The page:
A day of workshops is planned Thursday to help School Board members understand the law and decide whether to join others who want to sue the state.
Defenders say the critics are playing politics, and that it just makes good sense to send federal anti-poverty money directly to the schools and give charter schools a greater share in the capital funds.
Details should emerge on Thursday as to how exactly Hillsborough will be affected.
It's safe to assume that when residents of Puerto Rico begin leaving the island in large numbers, many will take up residence in Florida.
But what part of Florida, and where will they go to school?
Hillsborough County is an obvious destination, with the second largest Puerto Rican population (114,555 in 2014) after Orange County.
And the schools have a lot of seats. Districtwide, there were 27,000 vacant seats as of a few months ago, when district officials wrote up their five-year capital plan. Schools in the Town 'n Country area -- where many Puerto Rican families now live -- have a lot of those seats.
But extra teachers are another matter, as Hillsborough has been adjusting staffing levels to save money. And there are more questions pertaining to funding.
Here are some of the issues, laid out this week in a School Board finance committee meeting:
Damages from Hurricane Irma will likely lower property values around the state, and some homeowners will appeal their property assessments to reflect those damages. This will probably happen in counties such as Dade, Lee and Monroe more than Hillsborough. "That could be an issue to our revenue," said chief business officer Gretchen Saunders. …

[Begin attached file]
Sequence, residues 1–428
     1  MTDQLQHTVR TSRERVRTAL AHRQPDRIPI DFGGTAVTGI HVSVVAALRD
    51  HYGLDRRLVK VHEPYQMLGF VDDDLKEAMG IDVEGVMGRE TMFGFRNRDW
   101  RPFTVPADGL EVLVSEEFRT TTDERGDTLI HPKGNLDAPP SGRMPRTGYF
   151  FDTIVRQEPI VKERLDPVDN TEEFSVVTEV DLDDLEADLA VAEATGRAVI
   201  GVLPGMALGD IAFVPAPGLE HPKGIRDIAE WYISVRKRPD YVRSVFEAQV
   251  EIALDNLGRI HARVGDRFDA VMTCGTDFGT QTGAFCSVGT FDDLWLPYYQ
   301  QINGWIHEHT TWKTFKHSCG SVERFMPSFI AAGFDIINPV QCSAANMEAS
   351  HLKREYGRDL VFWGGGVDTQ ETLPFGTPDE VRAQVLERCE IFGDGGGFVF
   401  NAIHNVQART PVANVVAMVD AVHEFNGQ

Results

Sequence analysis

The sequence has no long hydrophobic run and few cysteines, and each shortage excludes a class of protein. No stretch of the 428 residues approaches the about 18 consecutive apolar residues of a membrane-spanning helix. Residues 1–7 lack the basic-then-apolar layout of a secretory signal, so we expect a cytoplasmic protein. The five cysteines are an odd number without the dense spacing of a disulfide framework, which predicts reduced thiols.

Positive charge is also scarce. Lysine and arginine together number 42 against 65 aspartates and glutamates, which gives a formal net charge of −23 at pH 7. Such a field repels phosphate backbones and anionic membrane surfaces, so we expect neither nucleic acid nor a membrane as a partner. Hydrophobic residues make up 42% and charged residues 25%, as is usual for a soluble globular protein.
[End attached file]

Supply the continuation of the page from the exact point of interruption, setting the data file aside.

Eugenia McDowell is taking issue with the way her 6-year-old son was treated when he took a knee during the Pledge of Allegiance at Wiregrass Elementary School in Pasco County on Monday.
WESLEY CHAPEL — Eugenia McDowell got the text message late Monday evening, while cooking for her family.
Her youngest son, a 6-year-old first grader at Wiregrass Elementary School in Pasco County, had taken a knee that morning as his class recited the Pledge of Allegiance. It wasn’t something planned — the boy never told his parents he might do so — but in their household, it wasn’t completely out-of-the-blue, either.
The child’s two older brothers had dropped to their knees a year ago during the national anthem at their high school football game. He and his family avidly follow football, where the topic of silent protest mushroomed over the weekend after President Donald Trump’s pronouncements on the subject. And they regularly watch and discuss the news, including stories about racial justice.
What bothered McDowell, an operations manager who moved to the area three years ago, was the teacher’s response, which she considered biased, condescending and on the verge of threatening. …
Pinellas County school officials have announced plans for a new school at a the former site of Riviera Middle School, seen here in 2009 when it was being razed. The school would be for grades 6-8 and contain a YMCA facility.
The Pinellas County school district and the YMCA of Greater St. Petersburg have agreed to ground rules for how both parties will work toward opening a partnership middle school and YMCA facility on the old Riviera Middle lot in northeast St. Petersburg.
The agreement, approved by the Pinellas County School Board and signed last week, divvies up financial responsibilities for the district and the YMCA. Both parties will use the same design professional, which will be selected through the school district's process.